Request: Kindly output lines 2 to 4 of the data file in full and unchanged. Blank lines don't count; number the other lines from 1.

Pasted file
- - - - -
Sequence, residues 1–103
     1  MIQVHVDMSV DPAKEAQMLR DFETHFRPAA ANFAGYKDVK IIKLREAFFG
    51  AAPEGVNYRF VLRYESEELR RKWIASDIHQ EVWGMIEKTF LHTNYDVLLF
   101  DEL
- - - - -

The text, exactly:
     1  MIQVHVDMSV DPAKEAQMLR DFETHFRPAA ANFAGYKDVK IIKLREAFFG
    51  AAPEGVNYRF VLRYESEELR RKWIASDIHQ EVWGMIEKTF LHTNYDVLLF
   101  DEL